As soon as the 2020 Presidential Election was finally called for Biden, there were calls from right-wing commentators to see things from their perspective and to give them some time to heal.
This request was, obviously, ludicrous and insulting because you knew that the right’s request to consider their point of view tends to only flow in one direction, and there wasn’t a lot of empathy and calls to understand Clinton voters after the ’16 election was called, and there sure as hell wouldn’t have been if Biden had lost.
Fortunately, as usual, Jeff Rosenstock saw all this coming, and already had a song in the chamber to help you laugh it off. The Long Island punk lifer put it best on “Scram!,” a standout cut from his standout album No Dream, one of the best rock albums of the year. (“Scram!” was also the basis for the best late-night performance of the year.)
“I’ve been told for most my life
Try to see the other side
By people who have never tried to
See the other side”
“Everything you say is a distraction
Well, I’m not listening to you”
And fine, a little more but only because Jeff is great:
“Not hearing all your shit
Don’t waste my fucking time
And don’t you want to get away tonight?
Go kick rocks and die”
Music was the one reliable balm in this exhausting, unending year. Artists such as Taylor Swift created the musical equivalent of a warm sweater to help us swaddle away our anxieties, while Dua Lipa and Charli XCX turned our living rooms into dance parties so we could toast to better times.
Then there were the musicians that gave voice to our anger against a hollowed-out system that allowed untold thousands to needlessly suffer and die due to negligence and incompetence. No Dream was the exhausted battle cry of reasonable, good-hearted people who watched their country fall apart for years, and are sick to death of respectability politics and calls to be civil that aren’t going to put the fire out.
A DIY punk lifer, the Long Island-based songwriter has a remarkable talent for cutting through the bullshit and getting right to the point. He’s also got an uncanny sense of timing, dropping his critical breakthrough album Worry a few weeks before Trump’s victory, and surprise releasing his rallying cry Post on New Year’s Day in 2018, just as things were starting to get much worse. With No Dream, another welcome surprise release, he eased us out of the Trump era with his signature compassionate fury.
Rosenstock is an assuming, good-hearted leftist dirtbag who works in a proudly declasse genre (pop-punk with hints of prog, ska, and thrash), who has no interest in sucking up to the NPR/MSNBC respectable neoliberal crowd. He sings like a guy who has all the skin in the game, who could really use some damn healthcare, who constantly worries that he’s going to end up working in an Amazon warehouse and peeing into a Gatorade bottle.
Doom scrolling through the Bad News On Twitter is terrible for your mental health, and Rosenstock makes it clear he’s been as glued to his feed as the rest of us for these past four years. And goddamn, is he tired. The title track is a grandly-rising swell that explodes into a triple-time breakdown that leaves him audibly breathless as Rosenstock comes to grips with the fact that his country is capable of evils he never imagined.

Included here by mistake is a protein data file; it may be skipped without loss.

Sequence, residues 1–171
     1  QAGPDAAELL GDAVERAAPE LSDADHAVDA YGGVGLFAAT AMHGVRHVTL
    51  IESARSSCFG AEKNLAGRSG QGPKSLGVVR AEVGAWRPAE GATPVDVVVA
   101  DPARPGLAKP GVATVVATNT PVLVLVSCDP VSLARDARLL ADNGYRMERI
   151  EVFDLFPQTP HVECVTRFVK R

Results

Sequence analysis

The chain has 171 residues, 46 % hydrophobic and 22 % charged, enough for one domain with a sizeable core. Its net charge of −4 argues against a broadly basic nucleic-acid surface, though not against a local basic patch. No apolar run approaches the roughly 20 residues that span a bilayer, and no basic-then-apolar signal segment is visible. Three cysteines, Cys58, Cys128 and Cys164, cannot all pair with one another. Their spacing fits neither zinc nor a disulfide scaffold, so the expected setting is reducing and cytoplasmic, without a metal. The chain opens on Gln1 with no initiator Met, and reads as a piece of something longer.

“They were separating families carelessly
Under the guise of protecting you and me”
Rosenstock calls out hypocrisy wherever he sees it, but as heavy as his heart sounds, he refuses to let the bastards steal his joy from him. As righteous as No Dream is, it’s also a blast, one unapologetic bubble-gum hook and pogo-inducing beat after another. This is music made to be screamed along in a sweaty crowd while you try not to get kicked in the head by a crowd surfer. That we had to listen to it by ourselves was just another indignity 2020 served up to us.
Throughout No Dream, Rosenstock argues that in a crumbling world, the only thing we can do is hold tight to the people we love, and remember they’re the reason why we’ll keep pushing for the world to be a better place. It’s hard work, though. Closer “Ohio Tpke,” takes one of weariest of rock cliches, that Life On The Road Is Tough, and makes it sound fresh and relatable, even if you don’t make your living via touring the country in a van. (Though Rosenstock also writes music for the cartoon Craig Of The Creek.) Rosenstock contemplates the loneliness and wear and tear of touring and the pain of being away from the one you love, elevating the vulgar into something nearing poetry through sheer plainspoken sincerity, aided by the power of nervously elevating guitar strokes that sound like tapping anxiously on the dashboard.
“All these other motherfucking dipshits can bite me
‘Cause you’re the only person that I wanted to like me”
Next year has to be better than this one. (Right?) For his own sake, I hope Rosenstock can wean himself off the news, ignore the dipshits for a while and maybe download a meditation app. Like the rest of us, the man deserves a break. But not for too long, because when the madness starts again we’re going to need him back on stage, calling bullshit with a nervous smile.